US Military: Afghan Surge Begins Next Week
Meredith Buel | Washington 10 December 2009
U.S. Admiral Michael Mullen, the Chairman of the Joint Chiefs of Staff, says the military's focus now is the rapid deployment of 30,000 more troops to Afghanistan and the initial elements of the surge will begin arriving next week.
Speaking to reporters at the Pentagon, Admiral Mullen says orders have been issued to combat infantry, engineers and civil affairs experts to deploy to Afghanistan, with 1,500 Marines expected to arrive in southern Helmand Province next week.
Mullen indicated there is a sense of urgency at the Pentagon to implement U.S. President Barack Obama's decision to send tens of thousands of additional troops to the war and then begin withdrawing them by July 2011.
"The debate is over, the decision has been made, it is - it is time to execute," said Admiral Mullen. "That must be our focus now, our only focus, and it is."
Admiral Mullen says the Pentagon is accelerating deployment plans for the surge forces and the bulk of the new troops will be in place within the next six months.
Mullen says tens of thousands of construction materials, winter gear and other equipment are also in the pipeline.
The admiral says a significant number of special operations forces will join the conventional combat soldiers and they will target al-Qaida and Taliban leaders.
"So every effort will be made to focus on certainly key leaders of the insurgency, key leaders in the terrorist world from the point of view of counterterrorism, and every effort will be made to capture or kill them," he said. "And that is ongoing as we speak, and that is a - that is a very important part of the overall strategic approach here."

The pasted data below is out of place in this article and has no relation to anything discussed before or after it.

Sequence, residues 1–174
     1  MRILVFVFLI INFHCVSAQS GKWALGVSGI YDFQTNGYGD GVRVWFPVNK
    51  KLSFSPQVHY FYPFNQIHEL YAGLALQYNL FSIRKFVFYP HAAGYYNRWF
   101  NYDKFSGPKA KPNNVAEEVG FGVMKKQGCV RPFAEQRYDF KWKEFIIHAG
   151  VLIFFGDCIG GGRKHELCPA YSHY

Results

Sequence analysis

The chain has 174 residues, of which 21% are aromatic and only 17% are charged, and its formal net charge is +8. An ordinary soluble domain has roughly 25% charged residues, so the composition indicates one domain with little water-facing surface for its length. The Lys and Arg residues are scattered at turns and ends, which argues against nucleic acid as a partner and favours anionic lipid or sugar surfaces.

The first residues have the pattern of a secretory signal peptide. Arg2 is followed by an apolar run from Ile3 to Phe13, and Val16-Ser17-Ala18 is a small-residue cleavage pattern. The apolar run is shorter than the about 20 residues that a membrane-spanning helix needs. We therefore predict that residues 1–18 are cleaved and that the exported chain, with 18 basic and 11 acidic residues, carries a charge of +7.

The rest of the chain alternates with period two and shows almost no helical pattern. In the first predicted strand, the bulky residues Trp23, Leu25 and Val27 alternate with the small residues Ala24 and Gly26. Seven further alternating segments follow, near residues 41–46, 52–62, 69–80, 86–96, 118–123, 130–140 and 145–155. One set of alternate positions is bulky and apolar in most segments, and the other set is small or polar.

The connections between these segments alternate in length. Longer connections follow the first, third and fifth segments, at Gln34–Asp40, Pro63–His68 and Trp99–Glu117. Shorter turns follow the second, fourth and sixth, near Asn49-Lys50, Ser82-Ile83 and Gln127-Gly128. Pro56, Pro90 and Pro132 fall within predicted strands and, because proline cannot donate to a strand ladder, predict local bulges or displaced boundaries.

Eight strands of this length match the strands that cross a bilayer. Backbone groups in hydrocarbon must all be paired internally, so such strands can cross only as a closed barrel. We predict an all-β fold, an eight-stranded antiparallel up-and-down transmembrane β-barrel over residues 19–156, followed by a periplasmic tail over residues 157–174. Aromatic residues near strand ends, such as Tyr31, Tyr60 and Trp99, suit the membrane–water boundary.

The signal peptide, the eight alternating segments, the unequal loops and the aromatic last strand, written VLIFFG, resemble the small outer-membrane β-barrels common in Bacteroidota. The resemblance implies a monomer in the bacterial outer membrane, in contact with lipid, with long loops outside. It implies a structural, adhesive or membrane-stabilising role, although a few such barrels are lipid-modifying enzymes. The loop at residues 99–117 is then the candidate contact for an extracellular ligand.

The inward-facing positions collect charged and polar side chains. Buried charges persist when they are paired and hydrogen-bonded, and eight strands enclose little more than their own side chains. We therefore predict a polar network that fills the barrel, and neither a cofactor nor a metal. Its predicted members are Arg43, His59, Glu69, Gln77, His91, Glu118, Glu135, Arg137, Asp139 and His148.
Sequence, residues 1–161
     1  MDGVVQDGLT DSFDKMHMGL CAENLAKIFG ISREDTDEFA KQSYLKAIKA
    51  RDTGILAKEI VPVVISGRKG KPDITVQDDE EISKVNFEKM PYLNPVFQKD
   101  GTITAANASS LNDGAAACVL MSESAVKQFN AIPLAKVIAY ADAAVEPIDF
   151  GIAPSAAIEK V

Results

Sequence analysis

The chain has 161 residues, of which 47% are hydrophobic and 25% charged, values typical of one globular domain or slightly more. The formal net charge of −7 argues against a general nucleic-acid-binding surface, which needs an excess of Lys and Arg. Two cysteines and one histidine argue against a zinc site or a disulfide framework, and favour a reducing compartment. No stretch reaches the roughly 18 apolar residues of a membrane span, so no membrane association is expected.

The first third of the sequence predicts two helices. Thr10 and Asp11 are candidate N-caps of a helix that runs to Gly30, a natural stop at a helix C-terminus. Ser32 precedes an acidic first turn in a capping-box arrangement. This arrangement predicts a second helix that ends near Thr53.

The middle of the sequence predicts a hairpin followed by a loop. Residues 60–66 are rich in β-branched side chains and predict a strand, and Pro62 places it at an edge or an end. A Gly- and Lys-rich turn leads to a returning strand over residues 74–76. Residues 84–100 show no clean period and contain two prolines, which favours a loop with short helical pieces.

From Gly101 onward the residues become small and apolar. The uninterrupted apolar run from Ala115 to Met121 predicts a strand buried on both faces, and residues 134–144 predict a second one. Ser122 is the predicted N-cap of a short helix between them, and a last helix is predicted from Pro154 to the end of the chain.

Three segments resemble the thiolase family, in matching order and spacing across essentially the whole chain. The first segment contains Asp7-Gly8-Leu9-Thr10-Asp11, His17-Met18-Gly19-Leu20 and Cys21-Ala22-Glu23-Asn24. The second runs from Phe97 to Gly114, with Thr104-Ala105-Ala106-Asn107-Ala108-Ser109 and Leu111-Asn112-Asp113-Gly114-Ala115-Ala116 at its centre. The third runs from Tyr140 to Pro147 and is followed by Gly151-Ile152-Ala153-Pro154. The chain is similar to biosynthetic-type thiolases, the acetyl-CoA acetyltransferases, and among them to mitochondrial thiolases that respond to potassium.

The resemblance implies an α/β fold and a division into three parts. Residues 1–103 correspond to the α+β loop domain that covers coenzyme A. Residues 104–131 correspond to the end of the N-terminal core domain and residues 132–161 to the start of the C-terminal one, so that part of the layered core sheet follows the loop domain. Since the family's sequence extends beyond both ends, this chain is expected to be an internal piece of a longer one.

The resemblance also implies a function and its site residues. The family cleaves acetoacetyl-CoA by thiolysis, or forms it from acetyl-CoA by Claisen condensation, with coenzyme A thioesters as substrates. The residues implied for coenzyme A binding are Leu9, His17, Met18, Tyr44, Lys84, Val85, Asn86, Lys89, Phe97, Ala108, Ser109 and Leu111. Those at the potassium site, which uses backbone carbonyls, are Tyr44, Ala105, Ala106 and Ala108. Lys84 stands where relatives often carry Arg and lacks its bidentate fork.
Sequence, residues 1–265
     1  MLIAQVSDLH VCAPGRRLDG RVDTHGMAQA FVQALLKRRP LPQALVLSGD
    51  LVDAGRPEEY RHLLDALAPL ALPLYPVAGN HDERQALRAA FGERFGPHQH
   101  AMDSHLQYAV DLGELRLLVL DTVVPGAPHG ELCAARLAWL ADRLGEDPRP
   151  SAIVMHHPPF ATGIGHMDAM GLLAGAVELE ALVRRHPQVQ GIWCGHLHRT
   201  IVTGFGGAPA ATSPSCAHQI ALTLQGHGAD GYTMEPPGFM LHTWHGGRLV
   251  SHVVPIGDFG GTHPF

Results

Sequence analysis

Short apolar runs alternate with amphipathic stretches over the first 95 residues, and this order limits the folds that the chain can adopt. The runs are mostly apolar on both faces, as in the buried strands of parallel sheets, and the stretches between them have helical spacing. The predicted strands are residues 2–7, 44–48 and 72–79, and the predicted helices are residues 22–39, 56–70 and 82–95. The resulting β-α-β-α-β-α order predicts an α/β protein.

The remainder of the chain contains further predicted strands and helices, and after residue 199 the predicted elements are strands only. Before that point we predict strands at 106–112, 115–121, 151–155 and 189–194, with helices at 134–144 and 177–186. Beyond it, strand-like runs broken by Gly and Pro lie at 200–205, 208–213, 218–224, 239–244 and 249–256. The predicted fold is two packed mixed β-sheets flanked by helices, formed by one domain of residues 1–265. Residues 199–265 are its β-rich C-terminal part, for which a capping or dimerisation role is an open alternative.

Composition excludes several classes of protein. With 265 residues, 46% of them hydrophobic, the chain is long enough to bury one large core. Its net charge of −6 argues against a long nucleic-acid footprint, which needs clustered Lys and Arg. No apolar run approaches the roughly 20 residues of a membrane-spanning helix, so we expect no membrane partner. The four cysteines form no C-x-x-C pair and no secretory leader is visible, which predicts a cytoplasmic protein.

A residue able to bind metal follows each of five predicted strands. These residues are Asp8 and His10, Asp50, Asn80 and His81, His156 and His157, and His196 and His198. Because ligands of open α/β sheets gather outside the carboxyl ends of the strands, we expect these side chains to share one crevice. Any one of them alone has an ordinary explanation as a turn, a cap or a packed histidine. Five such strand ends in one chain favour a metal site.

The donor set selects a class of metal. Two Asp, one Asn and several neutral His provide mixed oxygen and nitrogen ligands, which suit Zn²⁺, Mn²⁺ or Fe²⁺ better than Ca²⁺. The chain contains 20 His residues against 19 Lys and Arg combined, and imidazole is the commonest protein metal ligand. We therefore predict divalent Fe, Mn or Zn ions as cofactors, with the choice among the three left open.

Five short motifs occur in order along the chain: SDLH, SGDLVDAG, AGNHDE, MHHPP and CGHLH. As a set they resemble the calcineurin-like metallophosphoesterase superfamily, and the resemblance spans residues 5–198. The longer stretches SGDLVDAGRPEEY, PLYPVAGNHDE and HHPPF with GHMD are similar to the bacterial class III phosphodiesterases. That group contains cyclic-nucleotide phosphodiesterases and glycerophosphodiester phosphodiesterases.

Mullen says U.S. and NATO forces are in the third consecutive year of what he called a very significant deterioration of the security environment in Afghanistan.
He says violence is up 60 percent in 2009 compared to last year.
The admiral repeated a pointed assessment of the situation he made earlier this week to troops about to leave for Afghanistan.
"And certainly from that standpoint we are not winning, and in an insurgency you are either winning or you are losing," said Admiral Mullen. "And if we are not winning, we are losing, which is why I said that, because of the trend in this insurgency."
Admiral Mullen says troops need to reverse the momentum quickly, which is why the Pentagon is sending in new forces as rapidly as possible.
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